What to share on Social Media during a National Emergency
The Australian bushfires are being reposted, shared and commented on Social Media globally with tens of millions of posts.
Social media is shining a spotlight on the bushfire crisis, significant figures are sending their gratitude for firefighters, donations and urging their fans globally to help. However, with so many users on the platforms, emotions at an all-time high and disagreements plenty, the potential for inaccurate and sensationalised information is likely to be shared with large audiences.
Out of date imagery, incorrect statistics and the hashtag #ArsonEmergency has attracted bot-like tweets and reposts featuring the wrong information and insight. Yet through these incorrect messages, correct and vital information is apparent. But what can we do to make sure we are sharing the correct information on our personal and business pages?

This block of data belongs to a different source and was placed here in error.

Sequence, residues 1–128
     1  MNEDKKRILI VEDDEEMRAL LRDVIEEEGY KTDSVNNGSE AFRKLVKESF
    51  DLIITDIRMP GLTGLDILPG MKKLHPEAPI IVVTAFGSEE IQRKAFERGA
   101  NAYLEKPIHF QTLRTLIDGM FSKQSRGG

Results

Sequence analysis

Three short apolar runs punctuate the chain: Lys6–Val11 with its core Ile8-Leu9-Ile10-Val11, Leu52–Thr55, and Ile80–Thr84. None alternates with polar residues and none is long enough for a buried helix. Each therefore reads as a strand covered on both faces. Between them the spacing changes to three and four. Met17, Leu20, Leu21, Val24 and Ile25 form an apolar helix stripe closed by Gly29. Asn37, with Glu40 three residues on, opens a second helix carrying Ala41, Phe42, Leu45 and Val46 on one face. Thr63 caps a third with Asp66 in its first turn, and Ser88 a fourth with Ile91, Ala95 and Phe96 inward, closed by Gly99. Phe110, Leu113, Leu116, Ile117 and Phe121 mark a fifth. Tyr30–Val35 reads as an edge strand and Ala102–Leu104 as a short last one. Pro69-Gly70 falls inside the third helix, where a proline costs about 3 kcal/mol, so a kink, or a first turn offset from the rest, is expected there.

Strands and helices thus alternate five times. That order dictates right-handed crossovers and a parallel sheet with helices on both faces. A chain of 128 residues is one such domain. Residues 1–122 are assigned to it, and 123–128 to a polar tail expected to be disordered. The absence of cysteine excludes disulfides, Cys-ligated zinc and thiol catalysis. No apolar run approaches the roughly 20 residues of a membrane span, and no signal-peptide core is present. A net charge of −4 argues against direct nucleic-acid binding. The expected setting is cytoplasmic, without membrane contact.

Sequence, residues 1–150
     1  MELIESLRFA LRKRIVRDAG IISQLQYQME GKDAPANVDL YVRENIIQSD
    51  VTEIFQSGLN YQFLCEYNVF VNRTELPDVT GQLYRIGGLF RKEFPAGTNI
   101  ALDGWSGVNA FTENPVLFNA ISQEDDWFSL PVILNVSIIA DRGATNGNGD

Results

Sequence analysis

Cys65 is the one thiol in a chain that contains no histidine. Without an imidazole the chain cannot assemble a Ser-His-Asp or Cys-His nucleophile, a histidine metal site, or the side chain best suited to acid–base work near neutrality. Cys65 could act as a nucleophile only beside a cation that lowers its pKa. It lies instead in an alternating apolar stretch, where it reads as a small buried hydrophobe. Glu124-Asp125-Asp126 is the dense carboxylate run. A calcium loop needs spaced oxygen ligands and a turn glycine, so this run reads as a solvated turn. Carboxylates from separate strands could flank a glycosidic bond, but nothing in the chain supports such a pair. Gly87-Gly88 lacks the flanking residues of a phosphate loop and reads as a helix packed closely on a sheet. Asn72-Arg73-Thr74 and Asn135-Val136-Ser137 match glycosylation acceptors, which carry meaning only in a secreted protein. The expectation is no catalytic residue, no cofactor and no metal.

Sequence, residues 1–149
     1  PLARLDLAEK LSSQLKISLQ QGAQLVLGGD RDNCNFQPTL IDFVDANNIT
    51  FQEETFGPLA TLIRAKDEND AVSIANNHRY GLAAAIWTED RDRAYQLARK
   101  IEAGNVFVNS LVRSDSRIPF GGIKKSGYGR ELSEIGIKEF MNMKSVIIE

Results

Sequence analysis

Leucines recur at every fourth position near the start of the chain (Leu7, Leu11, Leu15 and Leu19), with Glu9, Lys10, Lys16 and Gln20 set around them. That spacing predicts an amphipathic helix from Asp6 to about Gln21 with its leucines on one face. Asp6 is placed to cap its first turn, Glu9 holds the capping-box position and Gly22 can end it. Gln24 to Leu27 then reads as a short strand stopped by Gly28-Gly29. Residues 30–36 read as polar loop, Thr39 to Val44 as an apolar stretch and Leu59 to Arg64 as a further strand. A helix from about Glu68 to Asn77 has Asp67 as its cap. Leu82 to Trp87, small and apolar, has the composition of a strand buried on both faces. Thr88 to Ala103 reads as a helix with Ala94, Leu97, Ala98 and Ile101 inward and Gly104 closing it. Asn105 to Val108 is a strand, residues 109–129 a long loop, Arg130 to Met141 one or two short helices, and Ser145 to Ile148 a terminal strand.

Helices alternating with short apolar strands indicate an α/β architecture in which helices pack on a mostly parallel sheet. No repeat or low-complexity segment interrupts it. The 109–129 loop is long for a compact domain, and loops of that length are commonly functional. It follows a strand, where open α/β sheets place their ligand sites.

After all, as platforms continue to grow (Australia has 18 million active social media users (SocialMediaNews.com.au)) Social Media will continue to be a go-to source of information for many. WHAT CAN I DO? There are a number of things we can do to make sure we are getting the right information shared. Not those that may have been created or shared due to “motivated reasoning.” Fact Check the information yourself. Ask yourself the following questions. a. Where does this come from? b. Who is the original source? c. Is this image or information credited by an official source? Share from trusted sources By sharing information from trusted sources we are reducing the chance of error or miscommunication. Media outlets sharing news has already fact-checked a lot of the information for you. So you know that by sharing their posts their information is up to date. Groups and organisations that are officially affiliated with education, assistance and recovery will also have reliable and factual information to share. Avoid sharing content with no attribution. Most reliable sources will credit the photographer or place where the original post has come from. If this information is missing, then it might be best to not hit that repost button until after you have checked its validity. Report misleading information with the platform. If you find information that is incorrect or misleading, you can report or flag it with the social media platform, helping them to ensure the right information is seen in News Feeds. Use Google Images to help verify photos With both the Australian bushfires and even the Amazon fires, incorrect imagery has gone viral. Social Media users are seeing photos taken during other similar emergencies being reused to share the national disaster stories today. If you aren’t sure of where a photo originated from, or the photographer to credit, then use Google Image search to help you find the true source. You can find the link here. Read the post fully and understand what it suggests In times of heightened emotion, we might not fully read or comprehend what a caption might be saying, leading to us hitting that repost button prematurely. We have recently seen this with the NASA image of Australia from Anthony Hearsay, which was depicting hotspots around Australia, not the real number of fires burning at the time. By taking these simple steps, not only are we truly helping the cause in the way we always wanted to, we are making sure the correct information is shared by ourselves and our businesses to others as well. If you or your business need help with your Social Media Crisis Communication strategy, contact Demelza for a 1:1 consultation and discussion.